It makes you think back to the karate... Why is there so much stoppage? Block, wait, strike, stop, strike, stop...it's very stilted. Was this stoppage, often thought of as the 1 punch kill, intentional or some kind of miscommunication, or was something left out intentionally? It is a stark difference in both training and thinking of what it means to attack to adapt and continue..


I dunno... you don't see any stop-bolck -wait-strike in Seisan kata and bunkai. It's all either attacking an attack or using the opponents own energy to draw him into your pointy thingy or other defense.
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Postby MikeK » Wed Sep 21, 2005 5:09 pm

My question is why the martial arts got rigid after leaving China and arriving in other lands.

I don't think they were ever rigid no matter where they came from or ended up. Even Shotokan isn't rigid by it's nature, heck even the the JKA Shoto-dudes who have more "defined" movements in their kata move damn good when sparring. I think "defined" movement makes teaching large classes easier. For example I watched someone catch a shuto to the chops because they and the other person were way out of synch during group kata.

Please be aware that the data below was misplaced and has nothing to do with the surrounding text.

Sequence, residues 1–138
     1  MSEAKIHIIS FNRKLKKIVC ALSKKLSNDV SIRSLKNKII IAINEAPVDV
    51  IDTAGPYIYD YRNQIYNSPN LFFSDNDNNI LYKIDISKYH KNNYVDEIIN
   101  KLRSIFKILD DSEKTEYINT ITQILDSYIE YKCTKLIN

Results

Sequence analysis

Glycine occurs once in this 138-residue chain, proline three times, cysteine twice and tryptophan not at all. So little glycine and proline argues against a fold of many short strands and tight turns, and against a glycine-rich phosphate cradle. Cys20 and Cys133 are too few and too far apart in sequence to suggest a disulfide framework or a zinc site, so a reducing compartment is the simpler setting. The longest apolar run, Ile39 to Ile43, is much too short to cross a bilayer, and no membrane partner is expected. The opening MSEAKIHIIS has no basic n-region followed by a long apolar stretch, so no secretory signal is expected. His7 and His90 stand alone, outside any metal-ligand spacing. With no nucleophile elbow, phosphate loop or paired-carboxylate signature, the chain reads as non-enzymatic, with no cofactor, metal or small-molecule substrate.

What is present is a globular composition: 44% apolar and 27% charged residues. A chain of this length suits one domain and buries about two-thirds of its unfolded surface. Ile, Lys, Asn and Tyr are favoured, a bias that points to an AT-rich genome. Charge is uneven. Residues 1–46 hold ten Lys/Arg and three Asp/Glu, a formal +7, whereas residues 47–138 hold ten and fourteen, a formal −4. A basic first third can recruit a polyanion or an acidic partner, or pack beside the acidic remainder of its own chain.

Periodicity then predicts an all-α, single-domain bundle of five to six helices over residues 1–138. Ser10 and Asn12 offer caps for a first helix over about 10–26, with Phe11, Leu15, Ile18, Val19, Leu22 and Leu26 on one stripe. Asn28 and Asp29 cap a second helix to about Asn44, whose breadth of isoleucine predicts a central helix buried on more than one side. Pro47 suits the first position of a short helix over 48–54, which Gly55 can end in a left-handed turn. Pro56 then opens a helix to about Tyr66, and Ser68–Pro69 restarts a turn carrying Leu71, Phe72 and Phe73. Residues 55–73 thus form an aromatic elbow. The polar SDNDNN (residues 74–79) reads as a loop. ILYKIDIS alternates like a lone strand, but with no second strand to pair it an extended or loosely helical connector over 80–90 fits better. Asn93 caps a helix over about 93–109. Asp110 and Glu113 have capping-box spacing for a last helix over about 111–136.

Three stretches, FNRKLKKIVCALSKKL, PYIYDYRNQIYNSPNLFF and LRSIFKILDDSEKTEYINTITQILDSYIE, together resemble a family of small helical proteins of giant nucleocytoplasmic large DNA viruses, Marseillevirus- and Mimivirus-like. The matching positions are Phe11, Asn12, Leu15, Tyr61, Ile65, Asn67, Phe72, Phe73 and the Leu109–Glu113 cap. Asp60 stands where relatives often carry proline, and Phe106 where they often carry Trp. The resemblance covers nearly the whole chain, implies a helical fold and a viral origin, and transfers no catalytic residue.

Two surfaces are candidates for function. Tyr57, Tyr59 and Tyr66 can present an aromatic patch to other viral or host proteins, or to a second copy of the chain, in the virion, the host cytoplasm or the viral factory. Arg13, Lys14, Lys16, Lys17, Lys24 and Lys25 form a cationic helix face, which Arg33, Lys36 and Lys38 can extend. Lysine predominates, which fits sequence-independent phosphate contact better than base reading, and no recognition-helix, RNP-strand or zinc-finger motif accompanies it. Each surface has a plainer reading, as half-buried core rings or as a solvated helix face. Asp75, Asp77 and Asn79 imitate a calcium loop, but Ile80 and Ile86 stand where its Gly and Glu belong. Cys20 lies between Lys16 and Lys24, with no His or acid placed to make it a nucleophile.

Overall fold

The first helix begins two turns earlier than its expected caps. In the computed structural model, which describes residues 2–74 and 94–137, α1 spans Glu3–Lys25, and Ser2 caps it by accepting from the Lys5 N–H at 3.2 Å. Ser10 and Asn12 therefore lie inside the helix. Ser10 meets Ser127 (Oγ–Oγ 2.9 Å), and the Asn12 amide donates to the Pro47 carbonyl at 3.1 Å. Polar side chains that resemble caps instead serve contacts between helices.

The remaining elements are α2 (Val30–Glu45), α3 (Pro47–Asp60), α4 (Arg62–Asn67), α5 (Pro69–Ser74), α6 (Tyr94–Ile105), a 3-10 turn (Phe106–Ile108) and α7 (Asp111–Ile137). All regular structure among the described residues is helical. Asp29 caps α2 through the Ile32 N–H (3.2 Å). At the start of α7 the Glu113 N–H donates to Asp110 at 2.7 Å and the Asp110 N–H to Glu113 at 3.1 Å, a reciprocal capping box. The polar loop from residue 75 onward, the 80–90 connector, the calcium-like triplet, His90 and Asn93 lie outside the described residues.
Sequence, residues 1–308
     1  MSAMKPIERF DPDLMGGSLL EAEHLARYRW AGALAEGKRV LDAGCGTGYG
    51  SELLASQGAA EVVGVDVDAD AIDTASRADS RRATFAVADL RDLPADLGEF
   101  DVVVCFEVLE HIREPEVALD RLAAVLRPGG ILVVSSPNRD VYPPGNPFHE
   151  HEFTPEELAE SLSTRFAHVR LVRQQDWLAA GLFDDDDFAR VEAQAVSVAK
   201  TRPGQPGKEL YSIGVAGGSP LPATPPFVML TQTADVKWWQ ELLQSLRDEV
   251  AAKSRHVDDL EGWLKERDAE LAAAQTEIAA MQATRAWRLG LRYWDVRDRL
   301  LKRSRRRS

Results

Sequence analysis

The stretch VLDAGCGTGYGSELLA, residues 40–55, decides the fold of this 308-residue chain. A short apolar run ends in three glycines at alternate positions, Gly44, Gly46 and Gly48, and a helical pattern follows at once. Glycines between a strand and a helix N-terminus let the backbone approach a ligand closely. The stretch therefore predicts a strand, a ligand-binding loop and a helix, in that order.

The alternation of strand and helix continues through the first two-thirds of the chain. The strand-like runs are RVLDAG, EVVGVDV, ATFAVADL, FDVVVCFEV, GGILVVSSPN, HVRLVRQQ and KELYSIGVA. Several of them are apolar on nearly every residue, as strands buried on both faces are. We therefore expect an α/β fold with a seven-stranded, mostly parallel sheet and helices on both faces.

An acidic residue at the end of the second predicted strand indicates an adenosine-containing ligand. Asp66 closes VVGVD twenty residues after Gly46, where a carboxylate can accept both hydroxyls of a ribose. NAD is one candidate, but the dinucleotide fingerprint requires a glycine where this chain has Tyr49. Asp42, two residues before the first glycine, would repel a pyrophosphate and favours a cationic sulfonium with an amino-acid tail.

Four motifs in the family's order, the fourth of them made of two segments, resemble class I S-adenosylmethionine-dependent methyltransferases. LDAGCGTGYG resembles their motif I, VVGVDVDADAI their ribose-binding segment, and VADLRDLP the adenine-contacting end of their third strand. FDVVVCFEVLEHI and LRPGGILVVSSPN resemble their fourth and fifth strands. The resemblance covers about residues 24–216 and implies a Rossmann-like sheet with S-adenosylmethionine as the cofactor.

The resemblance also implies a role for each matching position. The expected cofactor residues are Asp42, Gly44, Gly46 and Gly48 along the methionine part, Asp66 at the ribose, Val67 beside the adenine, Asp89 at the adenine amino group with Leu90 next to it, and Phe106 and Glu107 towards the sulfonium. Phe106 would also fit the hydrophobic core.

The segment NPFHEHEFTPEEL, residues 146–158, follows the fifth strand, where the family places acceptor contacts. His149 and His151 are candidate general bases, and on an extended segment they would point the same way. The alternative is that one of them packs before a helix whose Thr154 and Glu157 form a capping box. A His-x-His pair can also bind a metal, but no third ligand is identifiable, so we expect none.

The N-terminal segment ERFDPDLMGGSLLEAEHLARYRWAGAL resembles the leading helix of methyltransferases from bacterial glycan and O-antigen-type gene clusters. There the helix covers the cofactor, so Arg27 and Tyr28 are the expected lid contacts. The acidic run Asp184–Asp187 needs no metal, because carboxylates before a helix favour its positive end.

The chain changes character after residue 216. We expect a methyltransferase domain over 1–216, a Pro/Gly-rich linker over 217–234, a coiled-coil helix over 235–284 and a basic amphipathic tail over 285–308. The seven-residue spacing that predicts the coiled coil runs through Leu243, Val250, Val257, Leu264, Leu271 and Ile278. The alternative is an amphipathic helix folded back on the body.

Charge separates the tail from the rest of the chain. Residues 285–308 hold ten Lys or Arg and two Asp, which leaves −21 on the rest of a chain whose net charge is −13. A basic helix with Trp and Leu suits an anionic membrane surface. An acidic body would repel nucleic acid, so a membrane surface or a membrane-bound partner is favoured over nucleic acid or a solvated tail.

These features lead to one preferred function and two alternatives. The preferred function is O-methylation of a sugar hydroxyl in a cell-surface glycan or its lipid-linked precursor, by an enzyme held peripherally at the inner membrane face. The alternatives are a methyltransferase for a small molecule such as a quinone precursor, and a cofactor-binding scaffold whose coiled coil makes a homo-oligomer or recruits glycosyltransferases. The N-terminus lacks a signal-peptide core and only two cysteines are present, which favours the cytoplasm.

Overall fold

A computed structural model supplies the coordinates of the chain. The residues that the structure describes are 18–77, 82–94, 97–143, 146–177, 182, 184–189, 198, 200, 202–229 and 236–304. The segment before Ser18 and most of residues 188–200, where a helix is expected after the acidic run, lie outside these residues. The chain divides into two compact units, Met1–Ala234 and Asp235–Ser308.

Could be a lack of understanding of kata. One sensei I had didn't get into bunkai so he made the kata nicer to look at. It wasn't until my back went out and I could only kick low that I realized what half the techniques in the kata were, as he had changed all the kicks to high ones. Also add in some dramatic stops to get the instructors or judges attention.